Somewhere Between Heaven And Hell
REVIEW BY: Bruce Rusk
ORIGINALLY PUBLISHED: 10/21/2005
If the term "punk rock" turns you off, don't shy away from Social Distortion. If you like American roots rock served up hard and fast, Somewhere Between Heaven And Hell is sure to satisfy.
Social Distortion emerged from the fertile SoCal punk scene in
the late '70s. Founded and fronted by singer/guitarist Mike Ness,
SD took the roots of rockabilly, country, and blues, and created a
powerhouse that defies any simple label or genre. Like punk
groundbreakers The Ramones, Ness' love of early rock and roll is
key to the quality and the appeal of his work. Building on the
foundation laid by greats like Elvis, Johnny Cash and Chuck Berry,
he injects these influences with searing guitar work and hellfire
rhythms without losing the original charm of early rock and roll.
He deftly mixes his roots influences with a fresh hardcore sound
that breathes new life into his classic covers, and raw power into
his original songs.
SD's fourth album, Somewhere Between Heaven And Hell came after a hiatus involving two members leaving and Ness' recovery from heroin addiction. The timing was excellent as the mostly underground psycho-billy music scene was gathering speed across the country. This album stands today as their finest work, and a longstanding favorite that has transcended styles to appeal to a broad range of fans.
"Cold Feelings" opens the album, a turbo-charged blast that sounds like the bastard offspring of Chuck Berry and AD/DC. Next up is "Bad Luck," which has Ness playing his favorite role as the outcast loner, a role he plays to the limit on my favorite track, "99 To Life." This bluesy prison song shows Ness' deep affinity for the work of Johnny Cash in its bleak, regretful memoir of a murdered lover:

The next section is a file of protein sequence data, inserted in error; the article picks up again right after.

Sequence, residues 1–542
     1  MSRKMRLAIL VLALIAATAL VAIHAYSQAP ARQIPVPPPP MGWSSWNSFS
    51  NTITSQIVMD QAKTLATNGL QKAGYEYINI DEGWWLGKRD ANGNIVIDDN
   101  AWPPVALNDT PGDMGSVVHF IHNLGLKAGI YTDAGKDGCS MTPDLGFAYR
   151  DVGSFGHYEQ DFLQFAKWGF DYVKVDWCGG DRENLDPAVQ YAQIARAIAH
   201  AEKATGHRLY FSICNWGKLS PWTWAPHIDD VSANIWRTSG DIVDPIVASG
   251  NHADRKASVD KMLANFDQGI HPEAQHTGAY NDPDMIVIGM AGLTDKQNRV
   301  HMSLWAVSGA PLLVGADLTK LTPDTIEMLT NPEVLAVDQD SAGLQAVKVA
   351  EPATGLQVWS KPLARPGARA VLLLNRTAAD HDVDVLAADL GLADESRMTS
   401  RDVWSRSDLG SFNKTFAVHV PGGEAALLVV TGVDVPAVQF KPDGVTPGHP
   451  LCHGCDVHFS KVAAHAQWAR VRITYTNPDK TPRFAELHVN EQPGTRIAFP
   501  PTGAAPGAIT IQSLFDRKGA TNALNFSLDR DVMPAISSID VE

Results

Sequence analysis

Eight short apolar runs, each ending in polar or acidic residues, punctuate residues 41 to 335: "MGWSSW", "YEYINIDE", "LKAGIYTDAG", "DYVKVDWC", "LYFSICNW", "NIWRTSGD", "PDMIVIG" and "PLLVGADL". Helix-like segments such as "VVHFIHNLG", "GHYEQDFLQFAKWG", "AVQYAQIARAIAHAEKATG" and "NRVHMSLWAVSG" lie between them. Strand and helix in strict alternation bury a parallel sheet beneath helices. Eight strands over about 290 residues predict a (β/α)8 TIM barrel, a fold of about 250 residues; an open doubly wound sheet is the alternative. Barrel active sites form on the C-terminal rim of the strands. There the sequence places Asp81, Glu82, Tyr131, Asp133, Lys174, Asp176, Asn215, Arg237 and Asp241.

"I wish she could be here, Lord if she only could Instead she's layin' in a puddle of blood She was my baby, thought she'd be my wife I killed my baby, I killed her with my knife"
One of the highlights of SD's work is their excellent cover songs. On Somewhere, he rips the lid off the Kitty Wells country classic "Makin' Believe." There's little to be seen of the crooning, low-key original -- Ness' version starts off with him moaning the opening verse over a mass of guitar feedback, then takes off like a hayride to hell, careening along in a full-tilt psychotic frenzy.
Besides all the great songs on this disc, one of the highlights is the amazing guitar work of Dennis Danell, Ness' longtime collaborator. Danell would die at 38 from a brain aneurysm, and this album is a legacy of his extraordinary talent.
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